Neurobionics Lab

Running Specific Prosthetic Foot


Running has different biomechanics than walking (i.e. more push off energy generated by the ankle than during walking) and in order to replicate a biological ankle during running, running specific prostheses (RSPs) have been developed. RSPs are designed to replicate the spring like behavior of the lower limbs while running and are shaped as curved cantilever beams with a high capacity to store and return energy. Currently RSPs are categorized by shape and stiffness category (which can vary from manufacturer to manufacturer), and the design and fitting of RSPs has been mainly focused around a trial and error approach. Prosthetists tend to prescribe RSPs based on user weight and activity level as opposed to specific end point mechanics (i.e. overall stiffness and displacement of the toe of the prosthetic foot) that can best meet the user’s needs. It is possible to optimize the shape of an RSP to produce specific endpoint mechanics using finite element analysis (FEA), but it is a complex problem to solve. We have been able to simplify the problem by reducing a complex set of endpoint mechanics into three metrics: angular, vertical, and horizontal displacement of the toe of the prosthetic which we then used to design RSPs from a given set of endpoint mechanics.

The RSP shape was defined by a non-uniform rational B-Spline, with four degrees of freedom in the control points, and two internal knots (not illustrated) allowed to vary. Eight locations along the curve describe the thickness. The toe geometry is fixed to preserve rolling behavior across feet. For the optimization the foot is pitched forward 10°, and the nominal vertical force of 2000 N is applied to the toe. Dx, Dy, Dθ are the horizontal, vertical, and angular deflections of the toe, respectively.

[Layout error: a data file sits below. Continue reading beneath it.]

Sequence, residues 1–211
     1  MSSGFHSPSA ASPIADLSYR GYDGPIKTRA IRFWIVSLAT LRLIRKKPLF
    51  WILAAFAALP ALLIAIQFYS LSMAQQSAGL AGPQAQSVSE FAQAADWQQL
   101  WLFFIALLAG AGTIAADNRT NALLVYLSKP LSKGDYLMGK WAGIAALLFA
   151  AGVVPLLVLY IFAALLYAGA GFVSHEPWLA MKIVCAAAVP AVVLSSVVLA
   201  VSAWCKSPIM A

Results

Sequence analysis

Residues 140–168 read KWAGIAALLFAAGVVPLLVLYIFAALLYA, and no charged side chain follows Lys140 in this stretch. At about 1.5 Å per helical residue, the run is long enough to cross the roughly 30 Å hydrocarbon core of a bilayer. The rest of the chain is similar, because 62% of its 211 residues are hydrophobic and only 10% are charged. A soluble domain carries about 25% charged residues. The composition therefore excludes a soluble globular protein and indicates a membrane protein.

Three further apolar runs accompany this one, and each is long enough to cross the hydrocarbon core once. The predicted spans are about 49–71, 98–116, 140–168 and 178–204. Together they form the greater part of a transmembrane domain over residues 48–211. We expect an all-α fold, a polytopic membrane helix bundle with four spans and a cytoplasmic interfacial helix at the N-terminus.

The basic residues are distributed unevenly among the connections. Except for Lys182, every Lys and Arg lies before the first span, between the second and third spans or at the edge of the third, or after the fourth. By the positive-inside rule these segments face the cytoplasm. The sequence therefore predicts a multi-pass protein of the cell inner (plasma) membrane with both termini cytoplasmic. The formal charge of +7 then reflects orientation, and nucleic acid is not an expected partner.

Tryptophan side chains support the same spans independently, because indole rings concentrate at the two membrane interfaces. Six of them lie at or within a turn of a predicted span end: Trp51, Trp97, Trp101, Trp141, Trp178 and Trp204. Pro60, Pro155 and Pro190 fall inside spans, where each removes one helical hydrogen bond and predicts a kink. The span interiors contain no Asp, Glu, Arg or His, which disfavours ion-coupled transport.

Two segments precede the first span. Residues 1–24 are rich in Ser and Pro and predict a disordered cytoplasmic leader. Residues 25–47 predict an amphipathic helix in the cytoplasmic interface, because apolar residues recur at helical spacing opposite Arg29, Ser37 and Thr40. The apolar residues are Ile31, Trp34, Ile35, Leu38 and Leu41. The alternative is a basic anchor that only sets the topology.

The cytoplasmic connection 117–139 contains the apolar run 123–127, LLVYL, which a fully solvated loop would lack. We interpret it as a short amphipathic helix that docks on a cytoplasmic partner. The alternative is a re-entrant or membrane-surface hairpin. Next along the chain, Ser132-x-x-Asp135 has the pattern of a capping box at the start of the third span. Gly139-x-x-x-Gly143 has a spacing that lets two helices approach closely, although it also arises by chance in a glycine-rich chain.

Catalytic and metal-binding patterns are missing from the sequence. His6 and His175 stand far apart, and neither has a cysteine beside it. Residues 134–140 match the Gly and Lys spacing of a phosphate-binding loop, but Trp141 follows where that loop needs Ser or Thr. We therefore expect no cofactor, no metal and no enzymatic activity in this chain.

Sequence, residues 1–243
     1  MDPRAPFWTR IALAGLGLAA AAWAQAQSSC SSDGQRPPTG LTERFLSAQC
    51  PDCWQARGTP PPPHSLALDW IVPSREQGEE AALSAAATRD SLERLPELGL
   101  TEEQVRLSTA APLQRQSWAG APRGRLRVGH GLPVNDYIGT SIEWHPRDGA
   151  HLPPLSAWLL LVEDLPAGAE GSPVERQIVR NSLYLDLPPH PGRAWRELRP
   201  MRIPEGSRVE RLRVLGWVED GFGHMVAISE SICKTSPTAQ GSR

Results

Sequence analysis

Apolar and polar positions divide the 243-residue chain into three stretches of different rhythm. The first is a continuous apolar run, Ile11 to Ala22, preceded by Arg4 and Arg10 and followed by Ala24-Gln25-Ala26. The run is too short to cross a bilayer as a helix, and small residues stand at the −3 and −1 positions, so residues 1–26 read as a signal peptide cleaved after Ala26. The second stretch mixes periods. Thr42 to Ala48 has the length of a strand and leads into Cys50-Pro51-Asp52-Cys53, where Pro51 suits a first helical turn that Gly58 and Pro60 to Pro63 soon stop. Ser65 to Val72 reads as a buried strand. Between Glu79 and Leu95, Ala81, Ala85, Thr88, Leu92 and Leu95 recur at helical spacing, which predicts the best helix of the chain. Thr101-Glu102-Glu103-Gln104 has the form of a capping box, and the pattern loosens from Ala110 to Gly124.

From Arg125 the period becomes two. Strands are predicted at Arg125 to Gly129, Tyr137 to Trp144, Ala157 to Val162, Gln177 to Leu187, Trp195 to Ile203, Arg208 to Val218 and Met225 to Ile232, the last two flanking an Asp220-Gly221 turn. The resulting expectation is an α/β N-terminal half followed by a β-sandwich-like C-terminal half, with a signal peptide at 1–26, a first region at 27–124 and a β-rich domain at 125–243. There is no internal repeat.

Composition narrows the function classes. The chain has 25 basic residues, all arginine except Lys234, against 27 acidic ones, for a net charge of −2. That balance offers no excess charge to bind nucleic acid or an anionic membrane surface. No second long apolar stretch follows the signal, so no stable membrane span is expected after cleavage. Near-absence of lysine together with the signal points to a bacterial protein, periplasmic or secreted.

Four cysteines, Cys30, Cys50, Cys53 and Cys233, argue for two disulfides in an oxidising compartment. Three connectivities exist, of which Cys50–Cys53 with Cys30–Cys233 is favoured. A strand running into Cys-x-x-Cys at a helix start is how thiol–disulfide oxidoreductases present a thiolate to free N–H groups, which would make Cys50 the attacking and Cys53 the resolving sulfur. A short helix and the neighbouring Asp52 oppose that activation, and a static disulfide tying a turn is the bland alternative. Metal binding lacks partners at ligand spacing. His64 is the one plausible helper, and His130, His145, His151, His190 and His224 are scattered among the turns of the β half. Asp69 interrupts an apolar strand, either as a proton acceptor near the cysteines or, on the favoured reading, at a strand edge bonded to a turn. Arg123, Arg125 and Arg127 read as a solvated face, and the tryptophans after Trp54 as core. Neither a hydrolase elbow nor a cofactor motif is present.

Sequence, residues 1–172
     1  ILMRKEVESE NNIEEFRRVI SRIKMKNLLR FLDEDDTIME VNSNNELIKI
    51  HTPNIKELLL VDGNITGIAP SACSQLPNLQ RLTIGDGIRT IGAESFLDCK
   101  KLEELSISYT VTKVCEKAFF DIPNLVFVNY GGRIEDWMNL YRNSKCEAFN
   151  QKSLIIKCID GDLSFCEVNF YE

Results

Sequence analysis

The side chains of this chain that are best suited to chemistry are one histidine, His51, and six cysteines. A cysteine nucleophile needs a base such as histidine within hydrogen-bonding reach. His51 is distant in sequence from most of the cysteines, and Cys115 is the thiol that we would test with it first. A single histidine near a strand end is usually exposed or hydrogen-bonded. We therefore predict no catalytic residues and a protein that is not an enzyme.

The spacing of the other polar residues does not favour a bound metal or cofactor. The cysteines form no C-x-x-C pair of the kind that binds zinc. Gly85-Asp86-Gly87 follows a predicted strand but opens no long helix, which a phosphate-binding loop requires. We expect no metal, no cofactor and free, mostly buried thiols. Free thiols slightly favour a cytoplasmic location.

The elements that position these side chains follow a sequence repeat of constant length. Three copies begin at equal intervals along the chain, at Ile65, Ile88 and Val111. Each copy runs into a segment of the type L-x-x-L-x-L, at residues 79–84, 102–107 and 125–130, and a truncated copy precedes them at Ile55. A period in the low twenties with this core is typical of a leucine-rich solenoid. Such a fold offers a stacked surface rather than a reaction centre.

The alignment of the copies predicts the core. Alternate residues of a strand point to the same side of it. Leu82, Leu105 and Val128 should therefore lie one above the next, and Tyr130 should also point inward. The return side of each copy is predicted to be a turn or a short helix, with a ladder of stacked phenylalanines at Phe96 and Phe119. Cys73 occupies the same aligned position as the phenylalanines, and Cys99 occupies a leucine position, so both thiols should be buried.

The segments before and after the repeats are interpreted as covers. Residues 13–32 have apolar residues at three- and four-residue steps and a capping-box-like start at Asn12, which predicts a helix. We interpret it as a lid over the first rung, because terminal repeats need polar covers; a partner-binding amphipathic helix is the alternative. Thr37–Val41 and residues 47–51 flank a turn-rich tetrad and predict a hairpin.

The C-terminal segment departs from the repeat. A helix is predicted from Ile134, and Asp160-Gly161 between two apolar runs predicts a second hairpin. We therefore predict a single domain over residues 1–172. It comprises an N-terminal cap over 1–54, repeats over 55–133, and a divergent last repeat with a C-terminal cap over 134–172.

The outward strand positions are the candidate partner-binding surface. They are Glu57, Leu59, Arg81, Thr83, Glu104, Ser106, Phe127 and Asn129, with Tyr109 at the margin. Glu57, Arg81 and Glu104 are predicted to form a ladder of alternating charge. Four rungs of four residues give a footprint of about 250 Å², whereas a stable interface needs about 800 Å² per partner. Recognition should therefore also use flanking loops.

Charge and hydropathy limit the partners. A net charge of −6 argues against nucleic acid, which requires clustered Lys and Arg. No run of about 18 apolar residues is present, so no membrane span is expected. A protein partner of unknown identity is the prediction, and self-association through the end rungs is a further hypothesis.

We developed a custom, spline-based optimization that optimized RSP shape based on a given set of end point mechanics. We validated our approach by designing and characterizing three different RSPs with different horizontal deflections, but the same vertical and angular deflections (left). The RSPs were manufactured from carbon fiber and their endpoint mechanics were characterized by applying a 2000N vertical load to the toe. The three prototypes performed as expected and exhibited the desired endpoint mechanics.

We additionally completed a biomechanical analysis of a single subject who ran with the three different RSPs. Using motion capture technology and an instrumented treadmill we were able to document and understand how the RSPs behaved when worn by a human. The RSPs deflected as expected although the angular and vertical deflections were not constant across the feet (below). These differences are partially due to different end point forces being applied to the RSPs during human testing as opposed to the idealized force applied during the optimization. We will continue to test these RSPs on other athletes with below and above knee amputations with the goal of building better mapping between RSP mechanics and associated biomechanics and, ultimately, between biomechanics and athlete performance.

Horizontal, vertical, and angular deflection of the three running specific prostheses (each RSP denoted by a different color line) measured during human subject testing.

Contributors: Max Shepherd, Hannah Frame